After several delays in construction, House of Friendship’s new addiction treatment centre is open at 562 Concession Road in Cambridge. In September 2018, construction began to add a second floor to the facility. It was supposed to be ready by June 2019, but that date changed in May 2019, when the building caught fire, causing serious damage, as reported by Global News. The fire is still under investigation.
Last month, however, after jumping through several hoops, the centre opened, ready to welcome folks in need of treatment. But the hoops didn’t end with the fire. When House of Friendship first announced the new project in 2018, a petition started circulating the neighbouring communities opposing the centre. Just a few weeks ago, a rally was held in Galt opposing harm reduction strategies, including supervised injection sites and the treatment centre.
“Out of such adversity, I think we actually really ended up with some incredibly positive outcomes … [the community] was not welcoming us with open arms … when they first heard of us coming into Cambridge with an addictions treatment facility. That was certainly a challenge right out of the gate,” Tara Groves-Taylor, director of addiction services for House of Friendship said.
“We had to do some work in trying to educate — I think there’s a lot of misconceptions about what an addiction treatment facility is, and isn’t.”
Groves-Taylor said that after the fire, many people who initially opposed the project came forward to offer their condolences and show support for the new facility. This year, they have received more donations than in 2019. The backlash became less apparent but didn’t go away entirely.
The expansion of this facility came from a place of necessity. There is a significant need in Waterloo Region, and Cambridge specifically, for an addictions treatment centre. As of Sept. 2020, Waterloo Region had already surpassed the number of overdose cases recorded in 2019 in its entirety. Waterloo Region has some of the highest statistics in the province pertaining to opioid use, but more broadly, the centre takes in people from all over the province, not just Waterloo Region.
The centre isn’t limited to treating opioid addiction. Groves-Taylor said that alcohol addiction is also a large issue in the Region.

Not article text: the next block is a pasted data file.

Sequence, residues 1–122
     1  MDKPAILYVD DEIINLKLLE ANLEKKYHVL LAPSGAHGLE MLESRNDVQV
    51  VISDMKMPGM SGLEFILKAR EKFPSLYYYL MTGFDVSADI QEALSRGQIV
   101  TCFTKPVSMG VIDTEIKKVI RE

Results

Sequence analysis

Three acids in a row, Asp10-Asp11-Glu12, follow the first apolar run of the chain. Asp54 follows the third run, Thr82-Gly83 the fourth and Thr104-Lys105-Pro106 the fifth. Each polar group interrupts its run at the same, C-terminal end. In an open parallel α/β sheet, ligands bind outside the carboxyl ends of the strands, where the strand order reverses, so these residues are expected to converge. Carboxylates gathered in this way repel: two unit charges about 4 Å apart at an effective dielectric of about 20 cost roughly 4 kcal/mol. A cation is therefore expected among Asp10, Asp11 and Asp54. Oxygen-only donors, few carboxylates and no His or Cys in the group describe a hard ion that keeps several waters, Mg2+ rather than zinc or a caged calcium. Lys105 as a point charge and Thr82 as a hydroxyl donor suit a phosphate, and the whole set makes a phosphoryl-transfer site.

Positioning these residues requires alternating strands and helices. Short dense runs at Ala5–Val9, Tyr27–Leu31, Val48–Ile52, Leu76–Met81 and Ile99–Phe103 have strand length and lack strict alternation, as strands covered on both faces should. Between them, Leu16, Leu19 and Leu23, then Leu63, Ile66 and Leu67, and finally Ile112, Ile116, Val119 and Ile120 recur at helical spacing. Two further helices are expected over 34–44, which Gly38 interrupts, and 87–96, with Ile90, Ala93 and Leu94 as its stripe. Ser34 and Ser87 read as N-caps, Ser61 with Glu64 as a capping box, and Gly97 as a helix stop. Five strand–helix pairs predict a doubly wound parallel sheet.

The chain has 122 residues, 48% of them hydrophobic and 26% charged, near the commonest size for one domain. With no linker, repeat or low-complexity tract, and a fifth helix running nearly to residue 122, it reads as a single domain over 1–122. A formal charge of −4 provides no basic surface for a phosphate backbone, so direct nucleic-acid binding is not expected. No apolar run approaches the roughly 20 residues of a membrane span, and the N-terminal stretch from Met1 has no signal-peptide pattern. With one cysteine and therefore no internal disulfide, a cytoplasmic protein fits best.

The men’s residential program was previously held at a facility on King Street in Kitchener. This program has been operational for 37 years but is now operating out of the new facility in Cambridge. This is an abstinence-based program that is four to six months long and offers one-on-one counselling, as well as group counselling. The program also provides a robust after-care program that can be reviewed at any point, regardless of how much time has passed.
In addition to the men’s residential program, the facility also offers day treatment and is hoping to soon offer online community counselling services.
The program is operating at half capacity due to COVID-19 restrictions, offering 10 spots opposed to 20. As of September, the residential program was full.
“We wanted a place where people could come and receive support in a comfortable space where they feel dignified and respected and that’s what I continue to hope for this space and the programs that we offer,” Groves-Taylor said.
“I’d like to think that as we continue to be a part of the community and gain a deeper understanding … about addictions and the support that we provide, that we’ll be an organization that’s synonymous with Cambridge, which is not currently the case I don’t think, but I’d like to think that down the road, we will be.”
Beth is the former Editor in Chief of the Community Edition. She held this position from October 2017 - November 2019. When she's not writing, she's usually knocking back too many coffees at Princess Café, searching for new craft beer in the Region or forcing one of her foster cats to love her. Follow her on Twitter @angryelbows.